Before I became a child who watched television, I was familiar with lines of speech. Both my parents were keen am-drams. I was holding a script, hearing them say their lines, as soon as I could read. As an adult, I’m a great film goer. I love the instant action, the drama which can be created by words. I’ve just re-watched the film of Gone with the Wind. Now there’s a book and film where the words come quick and fast, expressing love, loathing, fear, envy ….
I’ve been having an interesting discussion with my editor about tagging. Apparently I don’t do enough of it. No, I don’t mean tying those irritating labels on suitcases or stuff in store, I mean the use of ‘he said’ and ‘she said’. Just that. He said. Or she said. I agree with him that I try to avoid writing those two little words. I find those irritating as well. If it wasn’t a cliché, I’d even prefer ‘she shrugged.’ But it is, so I rarely write that. If at all.
I went to my current WIP, to find exactly what I do write and low and behold my first line opens with, ‘My mother said,…’ However, near to the bottom of the page I write, ‘No one round here knows what a virgin is.’ She lowers her voice, ‘Except you.’ In writing terms, that use of a full sentence rather than ‘she said’, is called Attributing through action. I’ve been told that I do that a lot. The question is, is that a bad thing to do or not?
From the library of books here (I am not at home but many of the books are mine) I look to see what my favourite authors do, tag or attribute by action.
Starting with a classic (as far back in literature as I’m prepared to go) I open EM Forster’s A Room with a View. At random, a page full of dialogue. The first line of speech is tagged: ‘….’ said Freddy in awestruck tones. Definitely not my style. Several lines of conversation un-attributed then, ‘…’ the clergyman continued. IMHO to be used rarely. Followed by 19 lines of conversation, none attributed but one which reads ‘…’ said Freddy, taking up a book. A mixture of tagging and attributing by action.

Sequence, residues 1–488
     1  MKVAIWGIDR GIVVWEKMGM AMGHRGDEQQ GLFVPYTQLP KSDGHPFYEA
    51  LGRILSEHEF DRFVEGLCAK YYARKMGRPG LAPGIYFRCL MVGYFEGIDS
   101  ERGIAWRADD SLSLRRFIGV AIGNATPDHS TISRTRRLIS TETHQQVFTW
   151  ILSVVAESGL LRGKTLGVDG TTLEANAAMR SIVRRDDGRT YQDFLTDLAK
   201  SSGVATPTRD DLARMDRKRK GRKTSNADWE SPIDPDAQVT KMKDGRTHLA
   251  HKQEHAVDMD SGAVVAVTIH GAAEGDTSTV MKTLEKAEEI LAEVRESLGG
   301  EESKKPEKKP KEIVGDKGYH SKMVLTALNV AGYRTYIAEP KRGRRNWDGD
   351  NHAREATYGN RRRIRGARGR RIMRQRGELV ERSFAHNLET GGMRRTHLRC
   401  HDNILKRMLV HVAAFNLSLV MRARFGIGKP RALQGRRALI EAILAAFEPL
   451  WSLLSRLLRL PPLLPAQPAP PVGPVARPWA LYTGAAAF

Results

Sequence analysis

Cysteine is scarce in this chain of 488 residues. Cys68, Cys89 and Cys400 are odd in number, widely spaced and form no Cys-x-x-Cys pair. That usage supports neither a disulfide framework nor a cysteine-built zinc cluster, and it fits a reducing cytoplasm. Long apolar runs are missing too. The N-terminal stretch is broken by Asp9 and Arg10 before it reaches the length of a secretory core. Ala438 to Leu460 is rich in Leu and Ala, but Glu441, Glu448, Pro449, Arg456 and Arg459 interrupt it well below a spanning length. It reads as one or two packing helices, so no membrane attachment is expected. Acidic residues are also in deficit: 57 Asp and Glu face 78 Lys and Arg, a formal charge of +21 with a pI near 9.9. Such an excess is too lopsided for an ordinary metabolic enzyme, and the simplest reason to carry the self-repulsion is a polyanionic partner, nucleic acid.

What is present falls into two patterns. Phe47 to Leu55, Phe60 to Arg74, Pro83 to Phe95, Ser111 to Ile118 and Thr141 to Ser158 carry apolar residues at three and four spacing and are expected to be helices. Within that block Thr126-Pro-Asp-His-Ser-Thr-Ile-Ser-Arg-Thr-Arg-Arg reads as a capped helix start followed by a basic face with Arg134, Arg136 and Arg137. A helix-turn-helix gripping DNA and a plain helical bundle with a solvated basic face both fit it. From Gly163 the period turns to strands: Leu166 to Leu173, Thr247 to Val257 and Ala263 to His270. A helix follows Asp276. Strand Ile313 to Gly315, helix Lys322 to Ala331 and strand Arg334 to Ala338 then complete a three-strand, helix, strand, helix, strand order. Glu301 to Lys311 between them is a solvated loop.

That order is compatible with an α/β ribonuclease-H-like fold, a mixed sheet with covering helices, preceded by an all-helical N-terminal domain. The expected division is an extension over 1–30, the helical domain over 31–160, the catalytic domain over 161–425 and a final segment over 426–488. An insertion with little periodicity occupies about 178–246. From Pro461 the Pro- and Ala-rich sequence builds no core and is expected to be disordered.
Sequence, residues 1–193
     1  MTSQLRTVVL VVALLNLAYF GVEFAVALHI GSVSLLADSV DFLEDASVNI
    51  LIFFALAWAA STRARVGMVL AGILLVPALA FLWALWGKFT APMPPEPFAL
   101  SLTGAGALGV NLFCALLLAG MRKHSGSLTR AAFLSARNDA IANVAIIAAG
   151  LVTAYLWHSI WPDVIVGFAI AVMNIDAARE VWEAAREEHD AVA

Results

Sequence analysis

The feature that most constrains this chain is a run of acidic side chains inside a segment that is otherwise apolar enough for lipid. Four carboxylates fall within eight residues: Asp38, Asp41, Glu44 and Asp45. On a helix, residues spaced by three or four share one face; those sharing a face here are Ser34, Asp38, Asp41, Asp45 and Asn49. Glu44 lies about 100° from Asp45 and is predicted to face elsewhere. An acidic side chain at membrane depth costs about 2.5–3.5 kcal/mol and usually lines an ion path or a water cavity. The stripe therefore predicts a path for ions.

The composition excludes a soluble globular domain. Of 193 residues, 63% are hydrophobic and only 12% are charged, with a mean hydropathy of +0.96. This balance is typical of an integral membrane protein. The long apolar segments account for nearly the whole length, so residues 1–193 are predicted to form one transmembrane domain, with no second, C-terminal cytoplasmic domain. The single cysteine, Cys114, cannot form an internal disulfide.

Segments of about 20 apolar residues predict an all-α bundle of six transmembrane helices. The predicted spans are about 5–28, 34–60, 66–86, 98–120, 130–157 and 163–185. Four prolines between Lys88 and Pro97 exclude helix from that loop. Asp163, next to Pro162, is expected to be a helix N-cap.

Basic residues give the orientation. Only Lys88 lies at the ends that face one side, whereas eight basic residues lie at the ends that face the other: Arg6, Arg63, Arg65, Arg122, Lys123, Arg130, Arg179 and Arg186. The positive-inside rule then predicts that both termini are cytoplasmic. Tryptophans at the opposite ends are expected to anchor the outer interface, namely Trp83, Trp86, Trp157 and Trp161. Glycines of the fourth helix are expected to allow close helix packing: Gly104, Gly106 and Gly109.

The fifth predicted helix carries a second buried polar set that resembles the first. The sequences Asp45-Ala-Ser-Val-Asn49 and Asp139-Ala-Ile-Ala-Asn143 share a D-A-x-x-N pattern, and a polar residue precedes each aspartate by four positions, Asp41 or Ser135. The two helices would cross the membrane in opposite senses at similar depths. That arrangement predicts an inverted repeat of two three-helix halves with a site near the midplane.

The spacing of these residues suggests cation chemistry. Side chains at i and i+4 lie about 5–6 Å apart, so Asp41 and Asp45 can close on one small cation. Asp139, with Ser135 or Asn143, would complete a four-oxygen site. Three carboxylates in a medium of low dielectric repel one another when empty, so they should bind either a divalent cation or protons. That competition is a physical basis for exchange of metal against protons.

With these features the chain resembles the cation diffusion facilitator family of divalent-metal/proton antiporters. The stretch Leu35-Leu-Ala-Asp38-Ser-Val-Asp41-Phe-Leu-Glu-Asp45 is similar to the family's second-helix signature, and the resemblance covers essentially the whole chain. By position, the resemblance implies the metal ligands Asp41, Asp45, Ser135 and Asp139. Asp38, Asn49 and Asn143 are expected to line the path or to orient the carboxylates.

A writer whose work I love but who is no longer on this earth is Helen Dunmore. Her novel Burning Bright, Chapter Four, begins with conversation. In 28 lines of speech,only 2 are tagged.
A successful contemporary writer is Maggie O’Farrell. I open her novel This Must Be The Place. Generally less conversation here but a quick search finds little plain tagging. Later, O’Farrell writes, ‘…’ Marithe sobs into her mother’s sweater.’ And ‘…’ I search his face to try and understand. Ok there are some ‘he is saying’ and ‘he says’ but these words do not dominate the pages of conversation. The word interrupts catches my eye more than once. I’d use that sparsely.
Finally I go to the web site of the magazine Wasafiri and read a featured short story. In the whole piece there is only one use of simple tagging. In all other places, where the writer thinks this necessary, she uses attribution through action.
It’s been an interesting exercise and yes, I admit I looked for the passages of speech which proved my point, that simple tagging is often not enough. I conclude that I should continue to write as I do, at the same time keeping a careful lookout for scenes where additional tagging will make the lines clearer for the reader to follow.